Srinagar, October 3: An award-winning Kashmiri master-craftsman and an oral historian have converged to create a distinct ‘Hand of Fatima’ – a symbol revered globally for its association with protection, power and strength.
Even as a similar symbol known as ‘panja’ is revered locally, the Kashmiri interpretation of the ‘Hand of Fatima’ shines with uniqueness. The amulet has been crafted meticulously from copper and is now captivating the hearts of art aficionados.
Master-craftsman Mohammad Aslam Bhat, well-known for breathing new life into copperware through intricate Islamic designs, proudly terms their version of the ‘Hand of Fatima’ a pioneering creation.
“This is a first-of-its-kind product, crafted from copper and accompanied by an elegant stand. One can put it on a table and art lovers have now started asking for similar products,” Bhat told The Kashmir Monitor.
Iliyas Rizvi, an oral historian committed to documenting Kashmir’s diverse crafts, explained that the journey to create the ‘Hand of Fatima’ took six months of dedication and creativity.
“Last winter, I initiated a project focusing on an essential symbol of Islamic art, the Hand of Fatima. In Kashmir, we have a similar symbol known locally as ‘Panja,’ prevalent in Alams, Tazias, Zuljanah and adorning homes and shrines,” said Rizvi, who is also a student of the Design Innovation Centre, Central University of Kashmir.
“I started working with master craftsman, Mohammad Aslam, and a traditional calligrapher, Mohammad Afzal, to design the first product. It took us six months, and then in Muharram this year, we launched it at the ‘Mashq e Arba’een’ Art Exhibition held recently at the Mahatta Art Gallery. This Hand of Fatima is different from the Panja we have in Kashmir. During the recent exhibition, most of the visitors wanted to know more about its history and significance in the craft world,” he told The Kashmir Monitor.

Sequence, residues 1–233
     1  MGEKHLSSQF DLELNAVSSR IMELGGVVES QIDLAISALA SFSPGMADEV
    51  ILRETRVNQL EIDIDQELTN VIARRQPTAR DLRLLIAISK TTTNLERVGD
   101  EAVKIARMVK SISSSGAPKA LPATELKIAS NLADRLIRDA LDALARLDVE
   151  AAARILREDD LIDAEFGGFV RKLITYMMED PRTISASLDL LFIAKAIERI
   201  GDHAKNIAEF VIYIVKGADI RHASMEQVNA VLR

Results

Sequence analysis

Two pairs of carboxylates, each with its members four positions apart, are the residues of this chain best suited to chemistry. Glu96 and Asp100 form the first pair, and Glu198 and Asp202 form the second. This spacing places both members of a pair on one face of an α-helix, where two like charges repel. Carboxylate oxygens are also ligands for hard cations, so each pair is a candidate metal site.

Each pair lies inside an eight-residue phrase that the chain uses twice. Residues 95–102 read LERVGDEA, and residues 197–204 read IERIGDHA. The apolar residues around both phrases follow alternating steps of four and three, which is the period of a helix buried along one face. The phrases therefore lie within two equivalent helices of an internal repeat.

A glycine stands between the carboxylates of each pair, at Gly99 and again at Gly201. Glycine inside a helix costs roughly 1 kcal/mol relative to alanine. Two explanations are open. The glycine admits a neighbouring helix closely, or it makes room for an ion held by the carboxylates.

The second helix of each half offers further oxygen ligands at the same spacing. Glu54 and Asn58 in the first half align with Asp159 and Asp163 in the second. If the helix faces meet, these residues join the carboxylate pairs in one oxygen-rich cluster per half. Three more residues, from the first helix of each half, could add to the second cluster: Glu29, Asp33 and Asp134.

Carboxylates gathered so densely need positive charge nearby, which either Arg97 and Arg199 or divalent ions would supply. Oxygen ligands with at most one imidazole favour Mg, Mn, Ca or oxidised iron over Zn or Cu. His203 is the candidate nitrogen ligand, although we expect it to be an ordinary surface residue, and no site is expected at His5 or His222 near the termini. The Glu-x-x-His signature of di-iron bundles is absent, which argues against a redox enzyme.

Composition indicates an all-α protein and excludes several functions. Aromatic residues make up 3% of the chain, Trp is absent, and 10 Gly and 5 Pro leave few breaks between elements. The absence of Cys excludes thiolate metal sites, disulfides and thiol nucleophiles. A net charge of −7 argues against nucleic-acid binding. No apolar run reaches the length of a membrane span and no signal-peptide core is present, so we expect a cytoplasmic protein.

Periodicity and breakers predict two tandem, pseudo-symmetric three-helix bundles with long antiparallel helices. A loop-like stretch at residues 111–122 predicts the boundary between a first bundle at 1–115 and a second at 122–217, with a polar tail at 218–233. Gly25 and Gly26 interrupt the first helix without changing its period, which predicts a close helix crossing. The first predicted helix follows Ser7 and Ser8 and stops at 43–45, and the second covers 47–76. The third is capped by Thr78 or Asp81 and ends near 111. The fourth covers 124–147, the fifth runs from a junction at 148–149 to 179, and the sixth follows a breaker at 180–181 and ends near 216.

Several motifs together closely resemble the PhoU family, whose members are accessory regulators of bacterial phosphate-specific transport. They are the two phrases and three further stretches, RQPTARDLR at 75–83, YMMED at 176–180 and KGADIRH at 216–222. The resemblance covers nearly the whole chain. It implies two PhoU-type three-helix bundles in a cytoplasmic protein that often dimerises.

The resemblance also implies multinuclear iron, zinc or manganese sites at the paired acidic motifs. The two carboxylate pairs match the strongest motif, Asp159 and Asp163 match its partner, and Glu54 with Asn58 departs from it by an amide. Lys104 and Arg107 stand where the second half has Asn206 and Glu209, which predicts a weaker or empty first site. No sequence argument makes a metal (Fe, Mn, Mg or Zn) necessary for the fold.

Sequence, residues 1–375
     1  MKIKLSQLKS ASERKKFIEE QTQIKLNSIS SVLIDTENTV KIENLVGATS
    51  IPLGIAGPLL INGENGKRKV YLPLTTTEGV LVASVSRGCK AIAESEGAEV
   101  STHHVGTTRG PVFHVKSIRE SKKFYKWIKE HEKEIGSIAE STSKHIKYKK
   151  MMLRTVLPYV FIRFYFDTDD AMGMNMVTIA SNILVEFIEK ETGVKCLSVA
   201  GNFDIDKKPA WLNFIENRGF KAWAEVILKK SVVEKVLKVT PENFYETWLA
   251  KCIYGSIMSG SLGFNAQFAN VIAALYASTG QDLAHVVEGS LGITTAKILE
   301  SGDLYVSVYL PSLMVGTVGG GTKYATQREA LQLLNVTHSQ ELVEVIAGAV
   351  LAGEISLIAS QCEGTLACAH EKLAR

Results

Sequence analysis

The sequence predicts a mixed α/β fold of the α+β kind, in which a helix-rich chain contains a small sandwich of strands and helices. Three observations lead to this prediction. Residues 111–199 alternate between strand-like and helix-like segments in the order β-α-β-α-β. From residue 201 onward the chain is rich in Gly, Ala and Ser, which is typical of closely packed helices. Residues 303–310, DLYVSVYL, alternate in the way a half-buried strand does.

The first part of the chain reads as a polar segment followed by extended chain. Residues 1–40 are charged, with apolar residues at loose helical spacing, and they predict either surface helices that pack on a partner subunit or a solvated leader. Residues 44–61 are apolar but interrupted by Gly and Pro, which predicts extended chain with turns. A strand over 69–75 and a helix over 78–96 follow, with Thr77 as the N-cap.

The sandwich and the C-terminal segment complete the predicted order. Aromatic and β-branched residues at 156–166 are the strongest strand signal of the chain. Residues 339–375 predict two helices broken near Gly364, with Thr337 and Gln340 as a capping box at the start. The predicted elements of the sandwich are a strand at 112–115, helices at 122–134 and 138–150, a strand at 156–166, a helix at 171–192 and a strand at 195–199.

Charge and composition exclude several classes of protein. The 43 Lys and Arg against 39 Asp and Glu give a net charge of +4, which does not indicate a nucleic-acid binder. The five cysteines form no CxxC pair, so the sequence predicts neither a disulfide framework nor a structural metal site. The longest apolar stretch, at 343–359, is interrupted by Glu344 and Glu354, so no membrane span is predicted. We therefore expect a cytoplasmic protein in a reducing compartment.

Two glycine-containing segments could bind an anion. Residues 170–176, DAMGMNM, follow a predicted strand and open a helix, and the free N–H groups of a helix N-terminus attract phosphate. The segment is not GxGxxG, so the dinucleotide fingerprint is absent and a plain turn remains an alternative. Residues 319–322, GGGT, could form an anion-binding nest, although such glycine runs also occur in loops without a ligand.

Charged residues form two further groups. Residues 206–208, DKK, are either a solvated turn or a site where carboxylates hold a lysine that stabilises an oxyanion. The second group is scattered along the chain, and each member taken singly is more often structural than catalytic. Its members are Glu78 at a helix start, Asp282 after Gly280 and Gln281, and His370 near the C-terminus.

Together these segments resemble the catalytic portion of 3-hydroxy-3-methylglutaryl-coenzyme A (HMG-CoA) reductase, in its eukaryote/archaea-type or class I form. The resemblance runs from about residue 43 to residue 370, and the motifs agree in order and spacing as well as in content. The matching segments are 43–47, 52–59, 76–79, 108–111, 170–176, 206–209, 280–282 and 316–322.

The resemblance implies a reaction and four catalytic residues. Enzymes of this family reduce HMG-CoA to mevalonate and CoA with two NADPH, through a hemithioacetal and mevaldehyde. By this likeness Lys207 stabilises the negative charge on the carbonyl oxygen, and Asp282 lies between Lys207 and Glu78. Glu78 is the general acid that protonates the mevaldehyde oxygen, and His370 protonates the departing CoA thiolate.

Rizvi emphasized their objective: to integrate internationally recognized Islamic arts symbols into traditional Kashmiri crafts.
“Our goal is to intertwine globally acclaimed Islamic arts symbols into our traditional Kashmiri crafts, fostering an exchange of ideas amongst our craftsmen. Through this, we aim to innovate and present our unique range of products to international markets, placing Kashmir firmly on the craft map of the world,” he said.